Attend the tale of Sweeney Todd: he served a dark and vengeful God!” After a visit to the New Theatre’s website advertising their current production of Stephen Sondheim’s SWEENEY TODD, with its graphic image of a throat being cut and a viewing of the teaser video with its huge blood splash finale, one might be forgiven for thinking a dark evening is in store. In lesser hands perhaps the show could float in gore like the 2007 movie. This production, however, focuses on an exploration of what it takes to make a monster. It seems that answer is … love!
Benjamin Barker arrives back on the docks of Victorian London. He is accompanied by his shipboard companion, Anthony Hope. Anthony knows this man as Sweeney Todd. He rescued Sweeney from a mysterious shipwreck and honours his vow not to ask questions even after a mysterious beggar woman confronts them both. Sweeney’s past is revealed as he revisits his old haunts and meets up with Mrs Lovett who recognises him at once as the man she adored from afar. She has even saved his silver razors and offers him her upstairs room as a barber shop. Continue reading Sweeney Todd @ The New→
British actor and playwright George Dibdin-Pitt (1799-18550) charts the story of Benjamin Barker, aka Sweeney Todd, who returns to London after 15 years’ transportation on trumped-up charges. When he finds out that his wife poisoned herself after being raped by the judge who transported him, he vows revenge on the judge and, later, the whole world. He teams up with a local piemaker, Mrs. Lovett, opens up a barber shop above her pie shop, and together they reap a terrible and horrible carnage.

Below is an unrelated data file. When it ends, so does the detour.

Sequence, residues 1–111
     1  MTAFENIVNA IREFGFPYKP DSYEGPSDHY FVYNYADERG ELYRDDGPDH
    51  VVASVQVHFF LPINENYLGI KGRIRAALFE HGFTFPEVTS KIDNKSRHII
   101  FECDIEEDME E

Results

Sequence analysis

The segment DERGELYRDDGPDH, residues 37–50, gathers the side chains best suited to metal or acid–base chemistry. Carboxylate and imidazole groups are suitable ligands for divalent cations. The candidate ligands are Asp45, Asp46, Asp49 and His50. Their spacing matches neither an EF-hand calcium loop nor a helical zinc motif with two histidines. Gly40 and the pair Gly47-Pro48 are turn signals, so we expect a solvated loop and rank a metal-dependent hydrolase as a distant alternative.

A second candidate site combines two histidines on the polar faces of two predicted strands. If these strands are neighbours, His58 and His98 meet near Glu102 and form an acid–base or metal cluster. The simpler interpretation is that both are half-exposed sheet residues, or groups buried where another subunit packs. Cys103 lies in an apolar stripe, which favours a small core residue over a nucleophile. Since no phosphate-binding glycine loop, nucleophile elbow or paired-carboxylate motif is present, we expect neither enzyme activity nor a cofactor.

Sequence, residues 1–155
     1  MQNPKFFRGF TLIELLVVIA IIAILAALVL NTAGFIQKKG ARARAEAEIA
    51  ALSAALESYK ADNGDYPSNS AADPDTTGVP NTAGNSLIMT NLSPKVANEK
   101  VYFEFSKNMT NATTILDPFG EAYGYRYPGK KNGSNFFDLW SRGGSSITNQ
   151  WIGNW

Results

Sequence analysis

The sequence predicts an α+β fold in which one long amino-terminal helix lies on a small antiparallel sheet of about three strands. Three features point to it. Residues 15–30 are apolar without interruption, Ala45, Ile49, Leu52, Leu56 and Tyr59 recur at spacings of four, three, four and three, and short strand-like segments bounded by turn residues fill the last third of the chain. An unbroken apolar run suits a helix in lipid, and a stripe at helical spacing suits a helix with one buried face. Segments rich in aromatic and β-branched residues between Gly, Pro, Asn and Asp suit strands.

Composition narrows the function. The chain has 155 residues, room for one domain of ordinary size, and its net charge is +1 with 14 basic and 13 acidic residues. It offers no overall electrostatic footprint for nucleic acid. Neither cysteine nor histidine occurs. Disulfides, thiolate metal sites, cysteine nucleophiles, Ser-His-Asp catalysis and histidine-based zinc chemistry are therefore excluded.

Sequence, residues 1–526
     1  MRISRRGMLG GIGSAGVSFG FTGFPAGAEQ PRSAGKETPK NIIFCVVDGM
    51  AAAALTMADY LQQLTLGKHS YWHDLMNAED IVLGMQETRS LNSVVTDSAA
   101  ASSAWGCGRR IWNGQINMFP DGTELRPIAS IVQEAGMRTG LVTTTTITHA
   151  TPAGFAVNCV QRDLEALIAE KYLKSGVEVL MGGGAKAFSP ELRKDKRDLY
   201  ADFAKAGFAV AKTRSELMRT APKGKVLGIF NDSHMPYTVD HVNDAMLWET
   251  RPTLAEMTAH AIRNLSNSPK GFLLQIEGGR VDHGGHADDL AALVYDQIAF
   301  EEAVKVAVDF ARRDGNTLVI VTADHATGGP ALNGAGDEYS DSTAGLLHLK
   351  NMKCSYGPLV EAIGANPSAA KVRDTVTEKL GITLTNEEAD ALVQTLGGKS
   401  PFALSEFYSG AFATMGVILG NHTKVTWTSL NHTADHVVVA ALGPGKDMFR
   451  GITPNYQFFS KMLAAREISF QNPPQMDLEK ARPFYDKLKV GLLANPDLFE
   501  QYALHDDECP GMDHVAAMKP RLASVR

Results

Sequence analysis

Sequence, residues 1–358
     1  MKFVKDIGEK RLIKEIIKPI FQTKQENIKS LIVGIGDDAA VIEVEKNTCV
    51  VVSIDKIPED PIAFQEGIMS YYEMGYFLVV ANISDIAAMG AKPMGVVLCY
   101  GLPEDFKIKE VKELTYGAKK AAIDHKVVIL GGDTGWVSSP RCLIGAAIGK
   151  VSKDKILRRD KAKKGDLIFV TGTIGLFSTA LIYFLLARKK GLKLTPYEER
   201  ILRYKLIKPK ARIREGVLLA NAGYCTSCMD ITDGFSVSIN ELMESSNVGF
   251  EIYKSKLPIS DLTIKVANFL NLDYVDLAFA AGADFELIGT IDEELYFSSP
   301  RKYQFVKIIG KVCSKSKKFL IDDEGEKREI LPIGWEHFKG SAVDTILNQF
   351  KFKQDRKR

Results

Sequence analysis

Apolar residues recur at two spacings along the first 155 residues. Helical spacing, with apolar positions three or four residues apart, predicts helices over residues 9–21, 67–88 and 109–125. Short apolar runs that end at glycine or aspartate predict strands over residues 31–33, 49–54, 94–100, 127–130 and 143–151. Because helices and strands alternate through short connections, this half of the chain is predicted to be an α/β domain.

Dibdin-Pitt’s story was taken up by writer Hugh Wheeler who adapted it for the stage, Stephen Sondheim added the music and lyrics and the musical SWEENEY TODD- THE DEMON BUTCHER OF FLEET STREET was born. The premiere production opened on Broadway in March 1979 starring Angela Lansbury and took out a whole swag of Tony awards. The play has gone on to become one of the big musicals, performed by many different theatre companies across the globe.
The Blue Mountains Musical Society’s current revival, helmed by Jessica Lovelace, is a bold, colourful, in your face interpretation. First thing that stands out is the large bare stage, there is no set to speak of. Long benches either side sees the chorus, the ensemble watch and comment as the main action takes place.
With the appearance of ipads and the like early on in the show, we know that Dibdin-Pitt’s story has time traveled and is set in the present day. Fair call, the theme of the disastrous results of bloody revenge are as relevant, as ever, today.
Dance features prominently. Whether it be in the decadent cavorting of the ensemble or the delicate modern dance/ballet of the doomed lovers.
David Hidden as Sweeney and Clare McCallum as Mrs Lovett impress in the leading roles with strong performances. There’s good chemistry between Simon Halligan as Anthony and Uma Dobia as Johanna. Anthony Zarb convinced as a nasty piece of work as Judge Turpin. Rebekkah Roma and Brett Hartnett did some lovely work as the lead dancers.
Recommended, the Blue Mountains Musical Society’s revival of SWEENEY TODD- THE DEMON BARBER OF FLEET STREET opened at the Joan Sutherland Performing Arts Centre, 597 High Street, Penrith (five minutes from Penrith railway station) on Friday May 24 and runs until Saturday June 1, 2013. The remaining performances are this coming Wednesday and Friday at 8pm and Saturday at 2pm and 8pm.
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